The first wave of anime in America began in 1963 with Tetsuwan Atom (Mighty Atom), more commonly referred to as Astro Boy (Dynon, 2002, p.190). Even with the success of Astro Boy, imports of anime dropped considerably up until the 1980s (Dynon, 2002, p.191). The next wave of anime came in the 1980s and quickly captured the attention of a new fan base in America. All participants pointed out that the uniqueness of anime, which differs from American animation, attracted anime fans in America; humor in anime differed from what they were used to with American animation (Fukunaga, 2006, p.212).
Production companies have two options to approach: to produce a full series of episodes, normally 26 episodes in length, or to produce an Original Video Animation, an OVA pilot. OVA’s are usually “one-shot productions or short series and are released direct to video” (Dynon, 2002, p.190). The OVA market boomed in the late 1980s, and their short, self-contained nature helped encourage some companies in the West to start importing anime (Dynon, 2002, p.190). With the introduction of the video cassette recorder, anime fans were now able to copy and distribute footage of OVAs as well as anime series to fellow fans, creating an underground system of free sharing of anime (Leonard, 2005). The fan interest in anime was not halted at just the animation, but for some, was extended to learning the Japanese language as well. Japanese speaking immigrants, as well as American fans who had newly learned the Japanese language, had begun a process of translating the copies of anime into what is commonly referred to as “fansub”, or subtitled versions (Leonard, 2005). Fans who undertook these tasks of fansubbing performed the service for free stating that they did it to spread the word about anime and increase the amount of fans for this subculture (Leonard, 2005). Although there were other individuals who partook in this process for profit, true fans of anime created underground networks for distribution from 1976-1993 (the VCR being introduced in 1975) (Leonard, 2005). From the beginning of anime being imported changes have been made; even at the earliest stage these imports underwent changes to appease its new American fans and overcome the language barrier.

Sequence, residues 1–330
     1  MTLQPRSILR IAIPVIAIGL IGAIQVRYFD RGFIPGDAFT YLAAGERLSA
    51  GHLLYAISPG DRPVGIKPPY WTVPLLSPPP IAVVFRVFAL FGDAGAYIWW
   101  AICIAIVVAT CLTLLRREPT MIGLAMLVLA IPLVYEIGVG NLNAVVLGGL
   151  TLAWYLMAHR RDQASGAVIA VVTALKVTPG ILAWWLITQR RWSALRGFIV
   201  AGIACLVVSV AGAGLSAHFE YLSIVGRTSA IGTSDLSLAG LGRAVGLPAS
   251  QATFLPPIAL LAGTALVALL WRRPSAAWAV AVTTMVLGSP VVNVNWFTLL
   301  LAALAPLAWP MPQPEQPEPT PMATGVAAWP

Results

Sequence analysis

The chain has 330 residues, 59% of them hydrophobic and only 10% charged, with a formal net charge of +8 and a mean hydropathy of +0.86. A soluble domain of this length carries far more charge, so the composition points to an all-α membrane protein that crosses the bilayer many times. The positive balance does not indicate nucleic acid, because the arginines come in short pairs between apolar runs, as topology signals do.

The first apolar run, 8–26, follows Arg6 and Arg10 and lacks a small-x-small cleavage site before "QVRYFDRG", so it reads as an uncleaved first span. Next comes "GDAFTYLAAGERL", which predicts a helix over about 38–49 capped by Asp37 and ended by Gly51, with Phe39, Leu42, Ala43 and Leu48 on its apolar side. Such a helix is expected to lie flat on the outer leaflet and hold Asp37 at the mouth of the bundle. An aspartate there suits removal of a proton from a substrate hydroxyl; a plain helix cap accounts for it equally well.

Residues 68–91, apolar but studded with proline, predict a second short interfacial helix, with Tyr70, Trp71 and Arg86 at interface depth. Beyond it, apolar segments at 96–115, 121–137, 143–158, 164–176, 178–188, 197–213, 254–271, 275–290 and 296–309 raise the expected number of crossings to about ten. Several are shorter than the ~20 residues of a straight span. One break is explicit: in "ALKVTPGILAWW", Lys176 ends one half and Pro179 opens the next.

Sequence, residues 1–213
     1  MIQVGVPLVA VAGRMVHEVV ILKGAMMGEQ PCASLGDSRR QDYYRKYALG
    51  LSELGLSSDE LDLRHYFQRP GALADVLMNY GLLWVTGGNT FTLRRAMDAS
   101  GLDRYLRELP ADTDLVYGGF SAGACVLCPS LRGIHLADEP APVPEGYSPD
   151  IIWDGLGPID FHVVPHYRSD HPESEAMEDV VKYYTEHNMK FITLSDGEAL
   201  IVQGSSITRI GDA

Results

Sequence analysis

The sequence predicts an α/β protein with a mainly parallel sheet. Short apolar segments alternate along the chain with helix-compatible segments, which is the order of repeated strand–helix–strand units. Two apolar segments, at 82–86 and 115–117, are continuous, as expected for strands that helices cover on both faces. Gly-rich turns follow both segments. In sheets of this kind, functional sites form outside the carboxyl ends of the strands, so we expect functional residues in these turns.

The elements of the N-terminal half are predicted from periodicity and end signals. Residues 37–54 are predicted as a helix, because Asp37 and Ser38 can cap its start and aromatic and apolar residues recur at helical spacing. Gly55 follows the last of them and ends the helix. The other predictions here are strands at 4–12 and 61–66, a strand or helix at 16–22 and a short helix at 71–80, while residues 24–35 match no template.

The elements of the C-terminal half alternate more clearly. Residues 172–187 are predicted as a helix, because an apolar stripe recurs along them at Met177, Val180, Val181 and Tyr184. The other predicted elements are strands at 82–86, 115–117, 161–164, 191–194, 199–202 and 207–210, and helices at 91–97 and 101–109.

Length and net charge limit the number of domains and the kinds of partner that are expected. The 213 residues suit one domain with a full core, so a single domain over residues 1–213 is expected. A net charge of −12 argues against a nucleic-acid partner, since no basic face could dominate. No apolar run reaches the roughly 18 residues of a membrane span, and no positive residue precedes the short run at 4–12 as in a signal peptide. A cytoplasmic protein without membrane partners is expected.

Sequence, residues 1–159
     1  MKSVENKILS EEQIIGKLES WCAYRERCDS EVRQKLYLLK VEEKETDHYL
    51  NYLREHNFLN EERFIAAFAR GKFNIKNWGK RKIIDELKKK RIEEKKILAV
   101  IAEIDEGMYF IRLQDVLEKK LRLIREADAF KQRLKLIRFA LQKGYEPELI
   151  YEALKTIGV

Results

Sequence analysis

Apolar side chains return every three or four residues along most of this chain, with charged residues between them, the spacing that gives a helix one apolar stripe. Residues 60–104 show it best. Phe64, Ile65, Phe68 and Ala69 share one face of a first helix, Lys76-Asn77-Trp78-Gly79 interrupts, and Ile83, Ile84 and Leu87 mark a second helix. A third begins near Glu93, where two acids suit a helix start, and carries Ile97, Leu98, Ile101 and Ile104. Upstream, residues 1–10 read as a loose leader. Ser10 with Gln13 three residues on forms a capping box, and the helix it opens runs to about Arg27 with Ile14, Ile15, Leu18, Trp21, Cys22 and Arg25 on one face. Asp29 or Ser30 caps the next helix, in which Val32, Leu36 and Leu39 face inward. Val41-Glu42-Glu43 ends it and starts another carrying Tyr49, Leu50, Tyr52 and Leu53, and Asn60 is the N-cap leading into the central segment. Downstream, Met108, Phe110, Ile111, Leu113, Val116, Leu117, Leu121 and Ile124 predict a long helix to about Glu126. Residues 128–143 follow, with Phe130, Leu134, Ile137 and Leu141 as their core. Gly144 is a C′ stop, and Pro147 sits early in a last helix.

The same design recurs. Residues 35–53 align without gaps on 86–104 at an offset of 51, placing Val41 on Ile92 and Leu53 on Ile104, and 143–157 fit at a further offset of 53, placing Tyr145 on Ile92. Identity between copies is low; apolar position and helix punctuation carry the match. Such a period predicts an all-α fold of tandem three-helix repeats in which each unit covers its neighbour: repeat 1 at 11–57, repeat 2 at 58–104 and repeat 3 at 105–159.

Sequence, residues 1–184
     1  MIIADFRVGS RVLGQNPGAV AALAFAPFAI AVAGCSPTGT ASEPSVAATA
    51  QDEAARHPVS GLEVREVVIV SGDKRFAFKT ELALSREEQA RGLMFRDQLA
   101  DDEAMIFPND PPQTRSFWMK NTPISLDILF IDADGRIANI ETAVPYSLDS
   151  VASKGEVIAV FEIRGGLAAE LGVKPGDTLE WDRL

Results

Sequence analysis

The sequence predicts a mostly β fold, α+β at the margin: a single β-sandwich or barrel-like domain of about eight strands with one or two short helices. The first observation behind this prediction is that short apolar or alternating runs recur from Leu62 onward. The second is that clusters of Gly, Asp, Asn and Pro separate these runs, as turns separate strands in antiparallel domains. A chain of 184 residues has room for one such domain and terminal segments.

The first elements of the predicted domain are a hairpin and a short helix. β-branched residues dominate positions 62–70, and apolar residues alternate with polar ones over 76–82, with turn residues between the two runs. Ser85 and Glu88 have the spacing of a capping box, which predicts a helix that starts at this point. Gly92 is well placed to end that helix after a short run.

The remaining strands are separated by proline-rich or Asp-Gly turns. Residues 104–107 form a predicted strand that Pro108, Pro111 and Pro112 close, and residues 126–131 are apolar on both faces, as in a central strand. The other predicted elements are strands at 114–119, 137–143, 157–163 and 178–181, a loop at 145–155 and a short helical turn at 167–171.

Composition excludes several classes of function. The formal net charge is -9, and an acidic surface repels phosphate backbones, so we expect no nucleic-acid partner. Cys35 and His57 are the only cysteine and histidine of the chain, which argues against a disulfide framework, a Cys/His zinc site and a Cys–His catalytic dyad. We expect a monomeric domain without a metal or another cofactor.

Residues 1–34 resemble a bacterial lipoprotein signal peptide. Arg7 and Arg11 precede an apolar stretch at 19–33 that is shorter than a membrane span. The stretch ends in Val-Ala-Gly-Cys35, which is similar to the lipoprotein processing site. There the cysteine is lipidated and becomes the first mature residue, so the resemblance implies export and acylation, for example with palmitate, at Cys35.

While American culture has become a dominant facet of global media, anime from Japan has shown significant media influence around the world. As anime consumption increases in America, its reception by audiences constitutes a contraflow effect. “Although Western domination of the global media and communication industry remains overwhelming (Thussu, 2006, p205)”, the contraflow of anime into the U.S. shows how Japan is the dominant force in the animation medium. That contraflow is addressed with censors and language changes in an effort to Americanize anime products, thus creating anime with elements of old and new to form new hybrid anime. The theory of hybridity appropriately addresses the changes made to anime upon its entrance to American markets.